When a conference attendee asked, “Who is intended for this training?” Gordon replied with another question: “Who could be the champion in your community?” The program is not intended for a specific job title, level of education, or expertise in a specific field. Gordon explained the flexibility is intentional because people in various sectors have different perspectives to bring to the table. She hopes the training will bring forth people looking to step up and become champions of their communities as mobility managers.

Though the program’s current funding ends on December 31, 2021, additional grant funding will allow the program to continue. McDonald and Gordon plan to begin developing a national certification program, pulling from successful programs in other states such as Wisconsin.

“We really are excited about getting this training out,” Gordon said. “It’s the only thing we’ve seen really making changes. People who receive mobility management training make differences in their community. The more people we have making a difference, the more we can improve Missouri and how we recognize transportation.”  

 HealthTran: Bridging the Access Gap

One solution working towards equitable transportation in Missouri is HealthTran, a program delivered by MRHA. HealthTran is a volunteer-driven ridesharing service that pairs drivers in a community with residents in need of transportation. Volunteers can tailor their hours and service areas to fit their schedule and are reimbursed $0.80 per mile.

During the Get Link’d Conference session, “Transportation and the Social Determinants of Health,” Kenney Hutchison and Kelly Ast from the West Central Missouri Community Action Agency (WCMCAA) detailed their collaborative efforts to continue expanding MRHA’s HealthTran program throughout Missouri. Hutchison is a certified community action professional and the agency’s regional mobility coordinator. Ast serves as the agency’s community services director.

While MRHA’s HealthTran program focuses on rural Missouri, WCMCAA is considering a suburban model due to the high volume of need in those communities. Through a one-year Health Resources and Services Administration (HRSA) grant, they were able to implement the program and begin identifying and evaluating local social determinants of health and inequities. WCMCAA currently has four priorities for their program: provide rides, develop technology, continue building collaborations, and increase funding.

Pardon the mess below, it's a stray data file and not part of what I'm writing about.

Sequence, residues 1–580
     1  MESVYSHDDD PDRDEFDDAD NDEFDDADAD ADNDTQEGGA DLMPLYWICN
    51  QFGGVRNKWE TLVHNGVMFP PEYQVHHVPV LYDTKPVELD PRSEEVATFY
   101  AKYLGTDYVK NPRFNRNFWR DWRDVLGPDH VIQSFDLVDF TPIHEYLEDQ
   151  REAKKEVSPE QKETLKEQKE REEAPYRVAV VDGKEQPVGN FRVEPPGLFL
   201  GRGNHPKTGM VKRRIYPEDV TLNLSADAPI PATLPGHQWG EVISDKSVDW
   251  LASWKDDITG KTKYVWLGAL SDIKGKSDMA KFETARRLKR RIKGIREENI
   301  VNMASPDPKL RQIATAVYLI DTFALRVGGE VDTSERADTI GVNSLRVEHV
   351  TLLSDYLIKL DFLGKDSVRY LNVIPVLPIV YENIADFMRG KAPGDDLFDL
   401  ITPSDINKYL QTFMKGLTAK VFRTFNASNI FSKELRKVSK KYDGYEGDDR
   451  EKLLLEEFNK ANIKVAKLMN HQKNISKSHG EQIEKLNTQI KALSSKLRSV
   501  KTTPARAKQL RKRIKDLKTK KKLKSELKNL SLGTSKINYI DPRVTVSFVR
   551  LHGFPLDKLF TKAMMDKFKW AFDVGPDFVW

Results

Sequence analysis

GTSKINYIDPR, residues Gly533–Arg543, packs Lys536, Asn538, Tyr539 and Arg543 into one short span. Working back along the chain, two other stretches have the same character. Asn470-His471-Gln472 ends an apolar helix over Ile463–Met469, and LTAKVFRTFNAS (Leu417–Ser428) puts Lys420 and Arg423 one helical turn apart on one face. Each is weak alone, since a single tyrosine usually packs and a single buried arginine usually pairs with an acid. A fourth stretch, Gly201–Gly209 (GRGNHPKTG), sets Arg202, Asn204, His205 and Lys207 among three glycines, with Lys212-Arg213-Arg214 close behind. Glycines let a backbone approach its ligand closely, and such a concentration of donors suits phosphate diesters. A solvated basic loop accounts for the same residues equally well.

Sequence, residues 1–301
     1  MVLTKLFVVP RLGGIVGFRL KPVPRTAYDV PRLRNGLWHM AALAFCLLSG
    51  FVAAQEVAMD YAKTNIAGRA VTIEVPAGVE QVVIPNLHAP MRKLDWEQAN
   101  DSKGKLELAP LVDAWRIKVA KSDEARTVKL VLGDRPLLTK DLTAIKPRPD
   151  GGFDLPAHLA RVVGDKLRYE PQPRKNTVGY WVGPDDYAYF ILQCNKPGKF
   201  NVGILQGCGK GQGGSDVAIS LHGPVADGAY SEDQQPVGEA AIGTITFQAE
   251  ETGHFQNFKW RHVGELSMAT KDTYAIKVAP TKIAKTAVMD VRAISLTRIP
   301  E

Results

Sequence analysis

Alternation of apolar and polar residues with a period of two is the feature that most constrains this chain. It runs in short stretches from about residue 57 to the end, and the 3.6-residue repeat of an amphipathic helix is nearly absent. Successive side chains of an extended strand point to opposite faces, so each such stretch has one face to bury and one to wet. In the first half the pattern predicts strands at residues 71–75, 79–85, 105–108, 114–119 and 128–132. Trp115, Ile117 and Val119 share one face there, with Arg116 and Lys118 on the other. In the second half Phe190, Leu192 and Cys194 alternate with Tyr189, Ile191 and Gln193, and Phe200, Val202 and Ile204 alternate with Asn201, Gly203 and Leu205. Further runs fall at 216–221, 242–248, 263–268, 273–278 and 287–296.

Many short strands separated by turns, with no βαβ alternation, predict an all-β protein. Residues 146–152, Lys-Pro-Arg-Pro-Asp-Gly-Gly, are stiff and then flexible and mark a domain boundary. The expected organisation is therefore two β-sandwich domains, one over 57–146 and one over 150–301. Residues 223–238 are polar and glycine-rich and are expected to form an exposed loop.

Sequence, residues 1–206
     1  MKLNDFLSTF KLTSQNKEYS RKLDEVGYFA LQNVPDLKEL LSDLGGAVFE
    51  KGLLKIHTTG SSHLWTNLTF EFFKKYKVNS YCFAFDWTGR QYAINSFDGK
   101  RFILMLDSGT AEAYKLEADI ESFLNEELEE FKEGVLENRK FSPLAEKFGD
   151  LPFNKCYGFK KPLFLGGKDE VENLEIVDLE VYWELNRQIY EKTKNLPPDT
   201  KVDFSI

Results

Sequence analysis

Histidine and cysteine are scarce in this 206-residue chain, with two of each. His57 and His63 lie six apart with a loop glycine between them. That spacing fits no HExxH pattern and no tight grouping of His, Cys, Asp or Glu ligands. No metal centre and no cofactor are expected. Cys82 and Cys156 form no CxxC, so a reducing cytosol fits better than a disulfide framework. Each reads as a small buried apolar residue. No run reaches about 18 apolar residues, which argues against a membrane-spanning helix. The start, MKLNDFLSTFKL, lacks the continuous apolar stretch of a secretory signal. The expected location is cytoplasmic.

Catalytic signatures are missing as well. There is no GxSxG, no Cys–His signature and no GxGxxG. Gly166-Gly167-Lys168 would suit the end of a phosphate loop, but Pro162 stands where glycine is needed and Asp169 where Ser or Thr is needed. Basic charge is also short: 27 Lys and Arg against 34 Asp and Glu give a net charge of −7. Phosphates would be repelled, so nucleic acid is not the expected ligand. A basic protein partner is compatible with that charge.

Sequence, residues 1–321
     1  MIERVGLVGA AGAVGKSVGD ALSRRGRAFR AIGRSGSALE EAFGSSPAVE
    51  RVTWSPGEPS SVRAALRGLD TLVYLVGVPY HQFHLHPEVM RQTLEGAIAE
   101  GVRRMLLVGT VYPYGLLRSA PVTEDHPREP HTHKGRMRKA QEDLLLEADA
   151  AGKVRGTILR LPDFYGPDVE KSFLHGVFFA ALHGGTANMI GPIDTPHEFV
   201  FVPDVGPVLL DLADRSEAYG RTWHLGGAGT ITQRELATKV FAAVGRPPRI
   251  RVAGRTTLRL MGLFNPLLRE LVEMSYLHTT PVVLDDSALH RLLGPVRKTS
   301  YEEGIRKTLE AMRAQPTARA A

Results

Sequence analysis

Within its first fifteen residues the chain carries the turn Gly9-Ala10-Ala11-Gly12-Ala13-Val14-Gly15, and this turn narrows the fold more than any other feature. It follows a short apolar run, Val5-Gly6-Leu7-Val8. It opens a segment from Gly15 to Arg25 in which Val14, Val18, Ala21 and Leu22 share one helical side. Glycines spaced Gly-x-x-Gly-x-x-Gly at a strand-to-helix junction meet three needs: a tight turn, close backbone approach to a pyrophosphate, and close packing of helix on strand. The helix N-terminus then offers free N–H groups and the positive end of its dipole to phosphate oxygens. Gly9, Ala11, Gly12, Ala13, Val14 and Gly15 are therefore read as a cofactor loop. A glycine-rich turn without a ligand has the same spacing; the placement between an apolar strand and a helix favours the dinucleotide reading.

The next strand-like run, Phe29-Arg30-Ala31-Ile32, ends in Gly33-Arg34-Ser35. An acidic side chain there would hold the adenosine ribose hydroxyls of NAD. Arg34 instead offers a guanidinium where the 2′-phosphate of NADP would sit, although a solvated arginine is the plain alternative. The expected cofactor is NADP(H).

Identifying Riders and Drivers

Driver recruitment began fall 2020 and rides started being delivered February 2021. “We’ve just been at it a short time, but in that time, I can’t say enough how important having people from all different sectors coming together is to meet transportation needs for our clients,” Ast said.

For each county served, they are able to use the ride scheduling technology to build rider profiles for the area: age, demographic, service area, transportation needs, etc. “We’re hoping that building this profile of who needs transportation helps us better target this area,” Ast said. The more in depth of a rider profile they are able to create, the better they will understand how to create effective transportation access for community members.

This also allowed them to understand who the drivers are – or who knows where to find them. Working with Mennonite populations in the area, they discovered that many people transport goods for their families. Even if they are not able to volunteer themselves, they know a vast network of people happy to get involved and have helped increase driver recruitment.

Community Collaborations

To foster sustainable solutions, WCMCAA identified opportunities for collaboration with existing resources. They divided the region’s nine counties, pairing counties with many resources improving transportation with counties that possessed less. This created “territories” benefiting each other without the need for external assistance.

According to Ast, when they did seek outside help, their networking involved a lot of listening, asking questions, and asking for help. They approached potential collaborations with an overall idea, but organizations often came back with their own. They continued to ask for what they needed, listened to the opposing perspective offered, and worked toward a solution that best utilized each organization.

To increase the likelihood of funding opportunities, WCMCAA recommends local, regional, and state partnerships. When coming across a community, they listen and ask questions to assess needs and connect the dots to other resources if none are available. “They’re different from county to county,” Ast said. “A lot of listening and a lot of questions go in before we start.” If WCMCAA doesn’t have the means to solve the problem, they connect them to organizations who can, often creating opportunities for further collaboration.

They also take these concerns straight to the top. Quarterly, they contact policy makers to remind them of transportation’s effect on social determinants of health. “We planted seeds,” said Hutchison. “We may not get anything right now, but it puts us on someone’s radar that we are looking to improve transportation.”

After meeting with multiple senators and policymakers through the years, Hutchison said responses can vary, but the ultimate goal is to keep putting that bug in their ear. “You just have to keep telling your story and getting it out there.”

WCMCAA’s dedication to advocacy and equity shone clear throughout their presentation and was validated by testimonials from MRHA staff. “You have taken our ideas and suggestions and ran with them,” said Mary Gordon. “You truly have been an inspiration for rural communities across Missouri. Congratulations and keep up the good work!”

“This doesn’t happen overnight; it takes a lot of contact, conversation, and patience,” said MRHA’s program coordinator Lisa Branson in the final moments of the session. “You’re doing an excellent job, and we’re happy to have you as members.”

To learn more about mobility management across Missouri and the Mobility Management Certification Program, visit:

To learn more about HealthTran, becoming a volunteer driver, or bringing transportation to your community, visit: